Things are heating up in Oklahoma’s corner. Under a soaring white event tent, Austin Morton is threading dove hearts onto rosemary skewers. Ray Penny is searing a ten-inch chunk of elk loin and finishing a wild mushroom cream sauce in a cast-iron skillet. He takes a quick peek inside a cooler. A flan made from crappie roe should be just about set.
A man steps up, holding a clipboard and wearing a name-tag lanyard. “Twenty minutes,” he says, giving a thumbs-up. Penny nods and wipes a bead of sweat from his forehead.
The tent is a hive of activity. Wild game cooks at ten cooking stations are bent over a bewildering array of game meats, foraged greens, and camp stoves. It’s Arizona in another corner, where Mearns’ quail and Mexican duck breast rolls rest on a dove and duck chile salsa. Ten feet away, in California, yucca flowers adorn chunks of steamed spiny lobster. Foraged morel mushrooms simmer in an elk bone broth.
I’m at what is arguably the world’s most impressive game cooking contest, the Wild Game Cookoff held each spring at the annual Rendezvous of Backcountry Hunters & Anglers (BHA), the country’s leading advocacy group for public lands, waters, and wildlife. On the fairgrounds of Missoula, Montana, teams from ten states vie for a space on a coveted awards plaque and bragging rights for a solid year. The main ingredients in each entry must be representative of the respective state, and two-person chef teams have one hour to complete a meal with enough servings for five judges. Presentation and creativity are paramount.
Wandering the tent, I was drawn to Team Oklahoma’s entry, not only because Penny and Morton were the only contestants from the South this year (the roster has included teams from North Carolina, Florida, and Kentucky in the past) but also because their offerings were something I thought I could replicate. A centerpiece of their plate was an elevated preparation of a Southern staple: crappie, served on the half shell in the manner of a Louisiana redfish, pan-sauteed in duck fat, topped with a smear of wild-onion compound butter, and finished with a dollop of paddlefish caviar. I loved the presentation: Each crappie tail had been cut off at its base, battered in acorn flour, and deep fried. Placed upright between the crappie fillet and the team’s elk tenderloin, the tail fin literally crowned the plate.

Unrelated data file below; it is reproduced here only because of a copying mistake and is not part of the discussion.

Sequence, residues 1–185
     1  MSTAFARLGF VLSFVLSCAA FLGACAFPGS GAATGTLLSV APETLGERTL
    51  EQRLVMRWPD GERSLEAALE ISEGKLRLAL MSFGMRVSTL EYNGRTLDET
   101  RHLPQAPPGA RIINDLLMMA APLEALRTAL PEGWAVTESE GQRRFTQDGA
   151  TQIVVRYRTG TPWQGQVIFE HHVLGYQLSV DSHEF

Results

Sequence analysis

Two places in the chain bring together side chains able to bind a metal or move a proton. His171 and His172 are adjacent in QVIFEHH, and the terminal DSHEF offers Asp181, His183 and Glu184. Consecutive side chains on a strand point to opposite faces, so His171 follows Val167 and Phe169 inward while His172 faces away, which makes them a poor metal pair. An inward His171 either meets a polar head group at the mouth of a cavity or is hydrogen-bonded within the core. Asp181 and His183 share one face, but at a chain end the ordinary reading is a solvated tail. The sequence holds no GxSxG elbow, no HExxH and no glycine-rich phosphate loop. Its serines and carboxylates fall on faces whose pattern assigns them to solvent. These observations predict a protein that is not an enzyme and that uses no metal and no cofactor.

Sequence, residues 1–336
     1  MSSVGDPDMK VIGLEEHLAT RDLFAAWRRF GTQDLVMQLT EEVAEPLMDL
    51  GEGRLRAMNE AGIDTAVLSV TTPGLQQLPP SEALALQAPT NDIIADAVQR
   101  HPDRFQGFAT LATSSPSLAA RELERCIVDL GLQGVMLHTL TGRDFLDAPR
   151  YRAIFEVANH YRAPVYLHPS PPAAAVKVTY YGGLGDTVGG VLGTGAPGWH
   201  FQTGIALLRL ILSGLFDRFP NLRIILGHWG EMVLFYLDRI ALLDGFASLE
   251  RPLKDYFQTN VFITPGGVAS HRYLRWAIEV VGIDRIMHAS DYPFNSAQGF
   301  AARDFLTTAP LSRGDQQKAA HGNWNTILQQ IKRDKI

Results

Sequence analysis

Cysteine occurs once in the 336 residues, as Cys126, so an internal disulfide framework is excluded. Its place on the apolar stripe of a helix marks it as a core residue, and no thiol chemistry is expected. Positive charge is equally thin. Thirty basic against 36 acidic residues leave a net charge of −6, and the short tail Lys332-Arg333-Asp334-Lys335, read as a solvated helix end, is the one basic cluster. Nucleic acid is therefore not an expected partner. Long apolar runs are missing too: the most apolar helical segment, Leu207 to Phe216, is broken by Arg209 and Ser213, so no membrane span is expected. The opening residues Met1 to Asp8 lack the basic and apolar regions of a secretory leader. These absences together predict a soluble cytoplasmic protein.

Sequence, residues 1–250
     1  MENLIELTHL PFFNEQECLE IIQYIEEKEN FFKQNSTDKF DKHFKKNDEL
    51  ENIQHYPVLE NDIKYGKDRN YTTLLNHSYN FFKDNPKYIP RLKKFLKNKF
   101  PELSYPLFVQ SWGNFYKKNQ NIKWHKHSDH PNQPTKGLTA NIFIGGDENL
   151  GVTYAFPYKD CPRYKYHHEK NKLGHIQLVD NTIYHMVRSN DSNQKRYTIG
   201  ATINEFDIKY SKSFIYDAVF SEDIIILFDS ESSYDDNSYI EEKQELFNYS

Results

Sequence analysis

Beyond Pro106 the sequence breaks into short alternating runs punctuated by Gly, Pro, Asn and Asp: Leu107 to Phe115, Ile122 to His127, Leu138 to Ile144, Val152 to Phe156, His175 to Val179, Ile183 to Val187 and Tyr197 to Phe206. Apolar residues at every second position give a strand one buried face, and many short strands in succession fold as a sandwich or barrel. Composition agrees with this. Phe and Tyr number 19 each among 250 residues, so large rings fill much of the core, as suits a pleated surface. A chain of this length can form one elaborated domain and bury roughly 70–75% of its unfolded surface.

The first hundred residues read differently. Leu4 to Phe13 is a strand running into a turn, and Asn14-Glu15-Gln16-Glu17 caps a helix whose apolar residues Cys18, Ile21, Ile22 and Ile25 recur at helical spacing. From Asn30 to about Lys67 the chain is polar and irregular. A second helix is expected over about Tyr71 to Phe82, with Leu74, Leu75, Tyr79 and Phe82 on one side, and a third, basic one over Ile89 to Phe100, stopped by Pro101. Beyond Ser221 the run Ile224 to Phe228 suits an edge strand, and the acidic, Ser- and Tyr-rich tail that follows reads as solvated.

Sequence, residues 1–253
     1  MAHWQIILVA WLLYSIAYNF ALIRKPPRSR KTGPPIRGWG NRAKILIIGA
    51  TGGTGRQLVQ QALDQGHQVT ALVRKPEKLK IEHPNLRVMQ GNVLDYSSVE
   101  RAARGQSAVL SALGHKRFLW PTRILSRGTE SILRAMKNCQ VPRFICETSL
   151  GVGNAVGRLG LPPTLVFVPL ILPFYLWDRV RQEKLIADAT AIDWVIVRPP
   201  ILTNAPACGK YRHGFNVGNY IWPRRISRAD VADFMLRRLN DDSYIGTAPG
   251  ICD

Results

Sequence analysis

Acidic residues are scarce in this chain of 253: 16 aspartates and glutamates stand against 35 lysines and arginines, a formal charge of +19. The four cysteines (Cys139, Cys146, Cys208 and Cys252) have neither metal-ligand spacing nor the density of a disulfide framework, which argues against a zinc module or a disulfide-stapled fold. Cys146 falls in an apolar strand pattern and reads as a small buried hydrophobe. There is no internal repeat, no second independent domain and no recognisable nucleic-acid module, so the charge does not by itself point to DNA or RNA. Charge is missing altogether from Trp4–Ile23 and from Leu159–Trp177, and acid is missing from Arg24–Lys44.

Panfish on the half shell—I should have thought of this a decade or three ago.
The Oklahoma team hailed from G&H Decoys in Henryetta, a company that has been manufacturing waterfowl decoys for eight decades. Penny is an avid hunter, angler, conservationist, and the CEO. “We all love being from Oklahoma, and we wanted to tie the geography of the state together in one meal,” he says. The elk loin came from Cimarron County, Oklahoma’s westernmost county. The wild mushrooms are from Adair County, on the state’s eastern border.
“Growing up,” says Morton, president of the Oklahoma state chapter of BHA, “you got presents on Christmas and your birthday. The rest of the year, we showed love by cooking for each other. And that’s what we’re trying to do here: Show a little Oklahoma love.”
In the end, despite my silent cheering, Oklahoma came up just a bit short in the contest. The winning entry, from Washington state, featured a venison backstrap with wild morel gravy and fresh nettles, and a huckleberry steamed pudding.
But I couldn’t shake Team Oklahoma’s fish, and Penny and Morton were kind enough to share the recipe. It works equally well with crappie, farm pond bluegill, redbreast sunfish, and the like, and it might just be the best panfish recipe on the planet. The preparation gives a sophisticated tip of the hat to the saltwater staple of cooking a fish fillet in its skin. The compound butter is made with lemon and fresh foraged wild onions or ramps (you can substitute store-bought chives). The paddlefish caviar came from Oklahoma, but any quality caviar will work. There’s nothing wrong with a dollop of crappie or bluegill roe, either.
Follow T. Edward Nickens on Instagram @enickens.